The UK Ministry of Defence might seem an improbable source of religious statistics. In fact, it (and its predecessor departments) has long been enquiring into the religious affiliation of the armed forces, from the 1860s for the Army, the 1930s for the Royal Navy and the 1960s for the Royal Air Force.
Data-collection is now annual, with a census point of 1 April, through the Joint Personnel Administration System since 2007. Collation is undertaken by the Defence Analytical Services and Advice section of the Ministry of Defence, with publication via the annual (now online only) UK Defence Statistics.
Table 2.13 of the 2009 edition of UK Defence Statistics contains the religious affiliation of the UK’s regular armed forces (trained and untrained, but excluding reservists and Gurkhas), and disaggregated by service, for 2007, 2008 and 2009. It will be found at:
The number of armed forces personnel declaring they have no religion has risen over this triennium, from 9.5 to 11.6 per cent. The proportion is greatest in the Naval Service (15.7 per cent) and smallest in the Army (9.4 per cent), with the Royal Air Force at 13.9 per cent in 2009.
Even so, all the figures are relatively small and well below the 43.2 per cent of the adult population saying they had no religion in the British Social Attitudes (BSA) Survey in 2008, whose ‘Do you regard yourself as belonging to any particular religion?’ question is well-known for minimizing religious adherence. The corresponding 2001 population census figure for Great Britain was 15.1 per cent but has probably increased during the past nine years.
The overwhelming majority of the armed services claimed to be Christian (or of the Christian tradition, i.e. including non-Trinitarians) in 2009: 87.2 per cent overall, with 88.9 per cent in the Army, 85.9 per cent in the Royal Air Force and 83.6 per cent in the Naval Service. The equivalent 2008 BSA figure was 49.8 per cent. The 2001 population census figure for Great Britain was 71.8 per cent, using question-wording in England and Wales which some regard as ‘leading’.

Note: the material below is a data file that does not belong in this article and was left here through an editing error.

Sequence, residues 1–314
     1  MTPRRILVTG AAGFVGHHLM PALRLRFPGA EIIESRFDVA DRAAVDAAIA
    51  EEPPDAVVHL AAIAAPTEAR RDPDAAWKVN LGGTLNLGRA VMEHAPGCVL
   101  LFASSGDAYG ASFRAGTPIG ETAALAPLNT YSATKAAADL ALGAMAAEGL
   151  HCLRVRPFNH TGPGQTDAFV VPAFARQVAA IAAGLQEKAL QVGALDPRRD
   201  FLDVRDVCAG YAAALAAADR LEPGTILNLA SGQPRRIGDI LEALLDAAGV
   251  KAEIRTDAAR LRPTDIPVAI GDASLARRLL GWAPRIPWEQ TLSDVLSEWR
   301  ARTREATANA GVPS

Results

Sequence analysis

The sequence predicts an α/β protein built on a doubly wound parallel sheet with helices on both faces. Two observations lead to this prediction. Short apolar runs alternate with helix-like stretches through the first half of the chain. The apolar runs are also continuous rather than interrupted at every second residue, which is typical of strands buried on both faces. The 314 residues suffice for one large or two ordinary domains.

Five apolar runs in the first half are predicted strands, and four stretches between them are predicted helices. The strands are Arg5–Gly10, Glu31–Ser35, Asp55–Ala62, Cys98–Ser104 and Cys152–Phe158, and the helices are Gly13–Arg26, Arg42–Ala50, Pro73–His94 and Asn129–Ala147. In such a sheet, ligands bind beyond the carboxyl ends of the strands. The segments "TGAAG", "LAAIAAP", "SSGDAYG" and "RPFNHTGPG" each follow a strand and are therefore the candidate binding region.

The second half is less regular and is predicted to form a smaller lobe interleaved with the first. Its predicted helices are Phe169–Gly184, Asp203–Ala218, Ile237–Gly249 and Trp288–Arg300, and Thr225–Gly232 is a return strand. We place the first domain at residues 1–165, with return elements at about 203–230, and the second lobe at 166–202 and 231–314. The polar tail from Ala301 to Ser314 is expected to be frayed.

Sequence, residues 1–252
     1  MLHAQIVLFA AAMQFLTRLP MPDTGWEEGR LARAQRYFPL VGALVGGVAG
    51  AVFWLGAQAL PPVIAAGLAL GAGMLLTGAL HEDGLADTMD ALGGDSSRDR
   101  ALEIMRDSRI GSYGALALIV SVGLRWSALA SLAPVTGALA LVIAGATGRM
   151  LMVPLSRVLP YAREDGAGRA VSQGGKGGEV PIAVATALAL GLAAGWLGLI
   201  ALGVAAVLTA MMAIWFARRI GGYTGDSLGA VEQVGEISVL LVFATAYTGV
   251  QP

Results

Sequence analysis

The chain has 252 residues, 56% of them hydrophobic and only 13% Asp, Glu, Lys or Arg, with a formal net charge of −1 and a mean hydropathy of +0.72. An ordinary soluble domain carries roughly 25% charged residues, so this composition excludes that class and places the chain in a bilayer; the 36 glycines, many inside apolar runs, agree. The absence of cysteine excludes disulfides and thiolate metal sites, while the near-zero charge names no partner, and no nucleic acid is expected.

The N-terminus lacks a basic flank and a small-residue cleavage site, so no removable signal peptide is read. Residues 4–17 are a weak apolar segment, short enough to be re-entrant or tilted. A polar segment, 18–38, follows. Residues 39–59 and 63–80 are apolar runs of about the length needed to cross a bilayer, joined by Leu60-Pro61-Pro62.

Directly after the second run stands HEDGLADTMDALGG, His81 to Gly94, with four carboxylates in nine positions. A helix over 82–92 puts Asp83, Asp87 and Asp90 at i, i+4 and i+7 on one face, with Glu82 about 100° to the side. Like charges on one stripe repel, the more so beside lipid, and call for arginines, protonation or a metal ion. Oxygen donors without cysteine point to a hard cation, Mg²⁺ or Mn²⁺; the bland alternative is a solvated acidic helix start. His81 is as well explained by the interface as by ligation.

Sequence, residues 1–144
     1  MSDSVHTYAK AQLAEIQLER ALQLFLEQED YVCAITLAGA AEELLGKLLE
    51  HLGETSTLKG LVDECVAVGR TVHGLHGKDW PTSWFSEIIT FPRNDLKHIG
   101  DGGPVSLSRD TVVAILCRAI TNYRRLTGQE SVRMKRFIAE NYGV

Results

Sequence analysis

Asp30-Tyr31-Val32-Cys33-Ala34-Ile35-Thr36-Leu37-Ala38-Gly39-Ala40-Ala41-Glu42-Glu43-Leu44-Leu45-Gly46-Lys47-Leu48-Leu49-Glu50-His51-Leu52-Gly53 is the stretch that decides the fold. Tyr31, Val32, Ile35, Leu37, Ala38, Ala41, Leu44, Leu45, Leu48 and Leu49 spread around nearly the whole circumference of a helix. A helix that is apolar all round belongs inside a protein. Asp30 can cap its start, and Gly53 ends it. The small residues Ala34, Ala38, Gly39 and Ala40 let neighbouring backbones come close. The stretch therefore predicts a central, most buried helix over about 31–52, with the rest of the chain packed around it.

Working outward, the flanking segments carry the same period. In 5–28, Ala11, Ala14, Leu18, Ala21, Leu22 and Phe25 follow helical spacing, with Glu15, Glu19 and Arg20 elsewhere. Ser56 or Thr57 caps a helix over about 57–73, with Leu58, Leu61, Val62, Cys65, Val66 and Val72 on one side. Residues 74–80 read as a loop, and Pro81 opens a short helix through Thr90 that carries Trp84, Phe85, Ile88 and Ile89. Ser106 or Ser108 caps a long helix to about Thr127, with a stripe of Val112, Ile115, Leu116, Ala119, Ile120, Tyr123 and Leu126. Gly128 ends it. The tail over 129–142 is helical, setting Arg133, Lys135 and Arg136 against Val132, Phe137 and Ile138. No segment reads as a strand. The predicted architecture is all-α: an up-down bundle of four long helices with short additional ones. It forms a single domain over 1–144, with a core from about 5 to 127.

Only 1.2 per cent of armed forces personnel registered as non-Christians, fewer than one-fifth of the 6.7 per cent recorded in the BSA and just one-tenth of the BSA statistic in the case of Muslims.
Of course, the two sets of data are not entirely compatible. The armed forces monitor the religion of their personnel as part of the gathering of essential background information, particularly at the point of recruitment. This information could have an intensely practical and operational purpose should a servicewoman or man be injured or killed on active duty, or otherwise fall ill while serving with the colours. This is somewhat analogous to (civilian) hospitals asking patients about their religion when being admitted for treatment. By contrast, the BSA survey simply poses its question in a way which has no potential longer-term implications.
At the same time, despite the abolition of compulsory church parades immediately after the Second World War, religion is quite institutionalized and embedded within the armed services, principally through a strong chaplaincy network (and an Armed Forces Chaplaincy Centre in Hampshire, to train and support the chaplains). This, plus the natural desire to take out a spiritual ‘insurance policy’ in the event of the worst happening in the front line, perhaps contributes to an explanation of why our armed forces are nominally so much more religious than the rest of us.